Plans to overhaul the children's hearing system have been supported by MSPs, but concerns have been raised over how the reforms will work.
The Children's Hearings Bill creates a national body to oversee the 40-year-old system, presently run by councils.
The volunteer-led system aims to address issues related to youth offending outside the criminal courts.
Holyrood's local government committee backed the bill, but cited a lack of detail in aspects of the legislation.
Ministers say modernising Scotland's unique children's hearing system will lead to more consistent standards and better support for vulnerable young people.
The committee backed the general principles of the bill, which still faces a series of parliamentary votes before becoming law.
But MSPs said they were still in the dark over the powers of the new post of national convener, which the bill would establish.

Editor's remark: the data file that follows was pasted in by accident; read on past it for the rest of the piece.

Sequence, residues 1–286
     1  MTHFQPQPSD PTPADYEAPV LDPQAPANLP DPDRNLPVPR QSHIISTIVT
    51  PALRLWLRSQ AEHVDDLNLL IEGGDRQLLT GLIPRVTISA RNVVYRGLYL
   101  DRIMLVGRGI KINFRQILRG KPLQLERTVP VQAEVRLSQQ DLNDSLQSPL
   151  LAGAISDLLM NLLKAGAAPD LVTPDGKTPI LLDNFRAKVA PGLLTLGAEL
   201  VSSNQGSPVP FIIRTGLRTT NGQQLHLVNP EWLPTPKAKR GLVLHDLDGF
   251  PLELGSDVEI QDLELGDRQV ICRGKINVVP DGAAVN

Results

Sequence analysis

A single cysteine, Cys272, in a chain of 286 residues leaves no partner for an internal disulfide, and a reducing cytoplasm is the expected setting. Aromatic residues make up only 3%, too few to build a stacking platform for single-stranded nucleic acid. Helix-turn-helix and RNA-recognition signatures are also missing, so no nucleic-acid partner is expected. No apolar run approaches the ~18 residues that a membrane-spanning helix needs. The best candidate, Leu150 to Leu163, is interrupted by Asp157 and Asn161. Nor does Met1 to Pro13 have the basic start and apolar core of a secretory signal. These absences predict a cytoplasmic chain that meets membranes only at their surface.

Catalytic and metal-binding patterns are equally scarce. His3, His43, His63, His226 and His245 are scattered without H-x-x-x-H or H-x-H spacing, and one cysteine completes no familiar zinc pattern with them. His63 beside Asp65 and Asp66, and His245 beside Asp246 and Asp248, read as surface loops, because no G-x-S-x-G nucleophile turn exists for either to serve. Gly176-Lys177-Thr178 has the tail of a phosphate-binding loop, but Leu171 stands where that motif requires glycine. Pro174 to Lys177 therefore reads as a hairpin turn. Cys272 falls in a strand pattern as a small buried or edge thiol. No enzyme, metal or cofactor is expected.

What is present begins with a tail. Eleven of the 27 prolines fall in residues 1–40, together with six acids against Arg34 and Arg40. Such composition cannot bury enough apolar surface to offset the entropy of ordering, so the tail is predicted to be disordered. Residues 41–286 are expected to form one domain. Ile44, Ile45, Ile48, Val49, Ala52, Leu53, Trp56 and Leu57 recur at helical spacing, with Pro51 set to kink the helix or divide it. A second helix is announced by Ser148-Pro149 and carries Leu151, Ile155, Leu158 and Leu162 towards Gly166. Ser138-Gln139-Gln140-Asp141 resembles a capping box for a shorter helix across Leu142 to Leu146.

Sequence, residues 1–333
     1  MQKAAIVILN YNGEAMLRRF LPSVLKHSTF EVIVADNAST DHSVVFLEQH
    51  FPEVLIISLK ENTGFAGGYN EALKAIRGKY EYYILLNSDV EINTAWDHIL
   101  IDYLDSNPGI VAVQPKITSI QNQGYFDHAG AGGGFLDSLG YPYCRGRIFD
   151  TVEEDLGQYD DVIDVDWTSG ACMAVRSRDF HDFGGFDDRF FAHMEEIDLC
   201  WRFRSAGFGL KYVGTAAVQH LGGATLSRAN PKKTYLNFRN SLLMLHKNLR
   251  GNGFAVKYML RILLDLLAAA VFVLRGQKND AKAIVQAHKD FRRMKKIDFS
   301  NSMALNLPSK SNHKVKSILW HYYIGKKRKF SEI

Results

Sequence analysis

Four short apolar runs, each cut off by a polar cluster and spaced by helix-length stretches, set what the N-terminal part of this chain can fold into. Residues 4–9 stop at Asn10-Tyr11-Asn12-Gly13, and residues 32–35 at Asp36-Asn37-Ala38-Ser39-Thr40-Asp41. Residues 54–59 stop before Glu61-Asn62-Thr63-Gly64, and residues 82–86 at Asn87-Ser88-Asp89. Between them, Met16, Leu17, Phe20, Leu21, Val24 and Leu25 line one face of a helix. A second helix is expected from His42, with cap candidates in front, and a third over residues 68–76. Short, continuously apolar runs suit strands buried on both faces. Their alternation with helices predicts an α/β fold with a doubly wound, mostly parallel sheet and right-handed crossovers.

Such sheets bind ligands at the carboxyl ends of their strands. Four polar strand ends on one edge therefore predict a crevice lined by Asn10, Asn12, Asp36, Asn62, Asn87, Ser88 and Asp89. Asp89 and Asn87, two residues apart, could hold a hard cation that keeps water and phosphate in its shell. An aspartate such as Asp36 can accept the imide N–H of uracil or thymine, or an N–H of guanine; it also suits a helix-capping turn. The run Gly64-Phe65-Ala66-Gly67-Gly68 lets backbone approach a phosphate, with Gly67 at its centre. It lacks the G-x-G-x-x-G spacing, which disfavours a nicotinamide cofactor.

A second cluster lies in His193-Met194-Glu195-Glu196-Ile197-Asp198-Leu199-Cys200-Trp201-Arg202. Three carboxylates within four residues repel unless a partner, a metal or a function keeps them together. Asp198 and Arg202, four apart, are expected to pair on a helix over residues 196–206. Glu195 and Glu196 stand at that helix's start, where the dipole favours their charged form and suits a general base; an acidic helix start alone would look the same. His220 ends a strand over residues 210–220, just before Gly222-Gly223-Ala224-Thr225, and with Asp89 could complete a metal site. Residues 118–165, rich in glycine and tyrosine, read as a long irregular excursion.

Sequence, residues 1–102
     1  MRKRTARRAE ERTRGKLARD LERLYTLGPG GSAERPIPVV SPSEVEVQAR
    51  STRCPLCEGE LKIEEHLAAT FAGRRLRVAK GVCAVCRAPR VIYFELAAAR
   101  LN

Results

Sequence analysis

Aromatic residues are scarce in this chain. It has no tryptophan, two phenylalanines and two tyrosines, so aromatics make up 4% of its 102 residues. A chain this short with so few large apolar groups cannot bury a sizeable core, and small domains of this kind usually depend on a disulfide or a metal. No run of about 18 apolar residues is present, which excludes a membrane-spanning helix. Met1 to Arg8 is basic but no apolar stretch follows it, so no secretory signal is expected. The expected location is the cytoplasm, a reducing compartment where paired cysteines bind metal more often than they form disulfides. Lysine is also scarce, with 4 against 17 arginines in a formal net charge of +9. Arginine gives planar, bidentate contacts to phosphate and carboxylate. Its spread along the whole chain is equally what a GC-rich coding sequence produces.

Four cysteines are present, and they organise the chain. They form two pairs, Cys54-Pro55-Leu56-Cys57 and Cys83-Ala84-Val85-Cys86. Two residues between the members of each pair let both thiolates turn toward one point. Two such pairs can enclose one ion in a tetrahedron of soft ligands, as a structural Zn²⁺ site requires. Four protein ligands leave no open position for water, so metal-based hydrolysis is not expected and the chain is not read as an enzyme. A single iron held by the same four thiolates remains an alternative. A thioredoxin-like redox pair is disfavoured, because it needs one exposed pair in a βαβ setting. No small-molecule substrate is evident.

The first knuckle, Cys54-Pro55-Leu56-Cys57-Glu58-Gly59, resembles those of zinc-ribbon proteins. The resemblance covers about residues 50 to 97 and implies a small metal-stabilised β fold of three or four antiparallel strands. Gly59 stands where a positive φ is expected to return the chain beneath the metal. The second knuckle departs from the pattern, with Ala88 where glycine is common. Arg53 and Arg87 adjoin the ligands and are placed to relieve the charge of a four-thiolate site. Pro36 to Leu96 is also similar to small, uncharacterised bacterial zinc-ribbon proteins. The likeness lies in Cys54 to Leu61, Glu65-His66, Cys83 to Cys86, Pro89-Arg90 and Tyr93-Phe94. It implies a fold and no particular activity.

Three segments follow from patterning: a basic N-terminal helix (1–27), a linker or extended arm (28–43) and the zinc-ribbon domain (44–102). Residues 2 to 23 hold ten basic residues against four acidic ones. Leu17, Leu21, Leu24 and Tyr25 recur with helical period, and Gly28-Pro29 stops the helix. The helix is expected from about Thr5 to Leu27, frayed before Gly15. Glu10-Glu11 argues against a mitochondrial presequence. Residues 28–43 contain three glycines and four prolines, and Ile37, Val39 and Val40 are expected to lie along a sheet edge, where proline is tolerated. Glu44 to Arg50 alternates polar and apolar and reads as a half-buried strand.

Committee convener and Labour MSP Karen Whitefield MSP, said: "The committee agreed to support the general principles of the bill, although there were concerns that much would depend on the views of whoever is appointed as the national convener.
"The committee's main concern is to ensure that in the future the strengths of the children's hearing system are bolstered and that decisions continue to be made in the best interests of the child."
MSPs also expressed concern over proposed changes to the definition of a "relevant person", usually a parent, and urged ministers to consider a requirement to provide a report on the child's view in advance of hearings.